Straight out of Compton
Google Chrome as a paragon of ambition, if not necessarily execution.
This afternoon I was all a-twitter about Chrome, Google’s new web browser. Google’s deft illustration of the technology and motivation behind Chrome left me primed for something interesting, and the actual product did not disappoint.
My enthusiasm at this point is not so much about the product as it is about the methodology. Google didn’t set out to merely improve upon existing web browsers. Instead, it attempted to rebuild the web browser from first principles.
The last two successful web browsers have both taken minimalist approaches to their user interfaces, subtracting features from their popular predecessors before adding new ones of their own. Firefox was a back-to-basics browser, rising from the ashes of the huge and increasingly complicated Mozilla browser. Safari presented an even more svelte user interface. Both browsers have fought hard to remain slim as they’ve marched up from version 1.0 to 3.0, while still offering improvements with each revision.
On the back-end, these projects have been huge successes. The Gecko and WebKit layout engines have advanced standards support and performance by leaps and bounds. WebKit has been so successful that Google is using it in Chrome.
But when it comes to user interface, Firefox and Safari have both struggled to balance the desire for new features with the simplicity that contributed to their early success. As the version numbers increase, this kind of pressure is inevitable. What’s the best defense against this sort of thing?
Google Chrome makes the argument that Safari and Firefox did not go far enough in their subtractive design approach. Consider, for example, Safari’s lack of separators in the bookmarks menu, presented by some as a brave simplification. I say brave because this feature has existed in nearly every popular web browser since the birth of the web, making its absence a source of frustration to many—including me. (Radar 3119012, filed in 2003.)
Google’s approach with Chrome is different. Rather than removing features from existing web browsers, Google has taken its brightly colored forearm and swept the table absolutely clean. Forget about menu separators; why even have a bookmarks menu? Hell, why have a menu bar at all? Start with nothing. Assume nothing. Add features only as needed, and only in service of a well-defined design concept (more on that below).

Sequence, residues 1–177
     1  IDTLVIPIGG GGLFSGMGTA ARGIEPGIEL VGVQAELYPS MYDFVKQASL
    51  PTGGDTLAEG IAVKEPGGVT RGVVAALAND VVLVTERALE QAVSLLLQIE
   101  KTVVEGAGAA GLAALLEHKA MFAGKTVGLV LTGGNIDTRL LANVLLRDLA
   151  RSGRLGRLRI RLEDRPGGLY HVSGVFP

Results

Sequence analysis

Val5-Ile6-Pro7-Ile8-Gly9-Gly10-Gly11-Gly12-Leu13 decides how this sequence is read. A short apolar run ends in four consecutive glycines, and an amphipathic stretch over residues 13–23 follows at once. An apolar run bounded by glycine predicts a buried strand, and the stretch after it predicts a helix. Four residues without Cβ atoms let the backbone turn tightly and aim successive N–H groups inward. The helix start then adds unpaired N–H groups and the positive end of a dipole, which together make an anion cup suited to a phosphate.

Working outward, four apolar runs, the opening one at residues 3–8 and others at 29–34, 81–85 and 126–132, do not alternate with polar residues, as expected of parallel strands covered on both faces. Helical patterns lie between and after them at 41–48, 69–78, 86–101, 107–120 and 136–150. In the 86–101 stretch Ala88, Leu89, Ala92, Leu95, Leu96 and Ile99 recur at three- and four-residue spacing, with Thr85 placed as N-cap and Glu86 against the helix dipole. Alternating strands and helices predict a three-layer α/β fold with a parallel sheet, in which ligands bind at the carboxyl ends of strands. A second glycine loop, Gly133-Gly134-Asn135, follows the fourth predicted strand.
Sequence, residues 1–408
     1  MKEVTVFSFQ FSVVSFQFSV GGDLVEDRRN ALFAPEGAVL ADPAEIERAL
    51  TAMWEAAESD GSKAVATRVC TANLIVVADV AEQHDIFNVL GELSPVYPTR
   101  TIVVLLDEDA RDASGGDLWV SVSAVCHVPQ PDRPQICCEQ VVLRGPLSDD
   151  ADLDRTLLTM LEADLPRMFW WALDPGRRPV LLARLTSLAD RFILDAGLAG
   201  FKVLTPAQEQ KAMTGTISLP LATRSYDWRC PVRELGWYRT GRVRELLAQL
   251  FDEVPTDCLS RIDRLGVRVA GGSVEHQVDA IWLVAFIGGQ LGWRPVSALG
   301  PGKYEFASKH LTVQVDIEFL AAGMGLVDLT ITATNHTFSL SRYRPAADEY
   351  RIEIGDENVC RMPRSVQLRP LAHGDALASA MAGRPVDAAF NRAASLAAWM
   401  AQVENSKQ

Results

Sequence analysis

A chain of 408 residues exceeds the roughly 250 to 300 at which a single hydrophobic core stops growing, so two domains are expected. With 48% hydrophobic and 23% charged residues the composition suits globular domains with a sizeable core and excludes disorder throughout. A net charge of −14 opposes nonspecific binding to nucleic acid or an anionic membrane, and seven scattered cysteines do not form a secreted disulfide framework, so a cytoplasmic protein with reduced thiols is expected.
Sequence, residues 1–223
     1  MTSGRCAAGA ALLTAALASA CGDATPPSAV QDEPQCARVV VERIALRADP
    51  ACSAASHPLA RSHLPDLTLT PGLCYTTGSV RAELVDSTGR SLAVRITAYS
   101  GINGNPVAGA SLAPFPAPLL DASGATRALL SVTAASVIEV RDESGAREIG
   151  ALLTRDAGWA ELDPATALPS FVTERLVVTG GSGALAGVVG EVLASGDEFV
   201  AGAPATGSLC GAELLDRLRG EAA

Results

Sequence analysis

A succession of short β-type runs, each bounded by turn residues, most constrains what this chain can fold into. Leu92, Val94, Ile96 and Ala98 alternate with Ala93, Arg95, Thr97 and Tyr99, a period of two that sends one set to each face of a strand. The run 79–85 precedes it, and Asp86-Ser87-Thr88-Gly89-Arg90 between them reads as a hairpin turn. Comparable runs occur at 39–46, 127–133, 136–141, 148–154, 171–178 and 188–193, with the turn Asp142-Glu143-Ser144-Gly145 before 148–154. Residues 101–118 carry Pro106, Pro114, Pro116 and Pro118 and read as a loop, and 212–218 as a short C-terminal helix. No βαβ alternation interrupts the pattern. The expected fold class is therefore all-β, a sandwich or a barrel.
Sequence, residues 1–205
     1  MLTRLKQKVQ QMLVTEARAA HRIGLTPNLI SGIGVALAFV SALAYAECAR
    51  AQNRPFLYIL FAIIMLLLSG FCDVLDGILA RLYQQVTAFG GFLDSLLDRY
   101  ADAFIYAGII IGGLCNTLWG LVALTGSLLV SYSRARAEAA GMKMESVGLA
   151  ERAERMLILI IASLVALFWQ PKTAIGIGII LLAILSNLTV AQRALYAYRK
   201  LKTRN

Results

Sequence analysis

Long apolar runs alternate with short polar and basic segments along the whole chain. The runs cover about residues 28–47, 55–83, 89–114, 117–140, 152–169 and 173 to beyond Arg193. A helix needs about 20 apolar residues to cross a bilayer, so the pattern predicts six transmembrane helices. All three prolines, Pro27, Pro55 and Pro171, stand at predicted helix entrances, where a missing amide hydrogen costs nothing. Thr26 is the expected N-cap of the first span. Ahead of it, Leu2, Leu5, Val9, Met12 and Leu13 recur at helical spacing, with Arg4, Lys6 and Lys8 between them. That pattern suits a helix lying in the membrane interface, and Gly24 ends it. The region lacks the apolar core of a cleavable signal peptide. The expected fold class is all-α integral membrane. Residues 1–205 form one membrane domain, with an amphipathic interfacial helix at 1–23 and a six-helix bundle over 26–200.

That’s what’s most exciting about Chrome: not the individual features Google has added, not the most prominent aspects of its user interface, such as the top-mounted tabs. All of that stuff will be tried and tested in the market. But the approach, the philosophy, the sheer chutzpah on display…that is a thing of beauty.
And that’s why, earlier today, I called Chrome “a wake-up call for the Safari UI guys.” It’s not that any particular feature of Chrome is so wonderful, or even that the sum of those features puts Safari back on its heels in the browser wars. It’s the idea that someone other than Apple has taken such clear leadership in this area. Google Chrome makes Safari’s user interface look conservative; it makes Apple look timid. And when it comes to innovation, overall daring counts for a lot more than individual successes or failures on the long-term graph.
All of this is made even more worrisome by Google’s motivation for the design of Chrome’s interface, baldly stated in Google’s User Experience documentation (and indeed, in the product name itself).
In the long term, we think of [Chrome] as a tabbed window manager or shell for the web rather than a browser application. We avoid putting things into our UI in the same way you would hope that Apple and Microsoft would avoid putting things into the standard window frames of applications on their operating systems.
And there it is, Microsoft’s worst nightmare laid bare. Google has grown tired of the web browser ghetto, all its applications crowded together into a single, often unreliable container. “Real” applications don’t have to put up with this. They live and die on their own terms. Their chrome is elegant, sleek. They are not mere content presented within another application. They are prime actors, first-class citizens.
That’s what Google wants for its products, and it’s decided that the only way to get it—the only way to escape the ghetto of the browser—is to make a web browser of its own. That must have been a difficult decision to make, and the road ahead is tough. But no matter how it turns out, you have to admire the bravery. Go on, Google, tell ’em where you’re from.
This article originally appeared at Ars Technica. It is reproduced here with permission.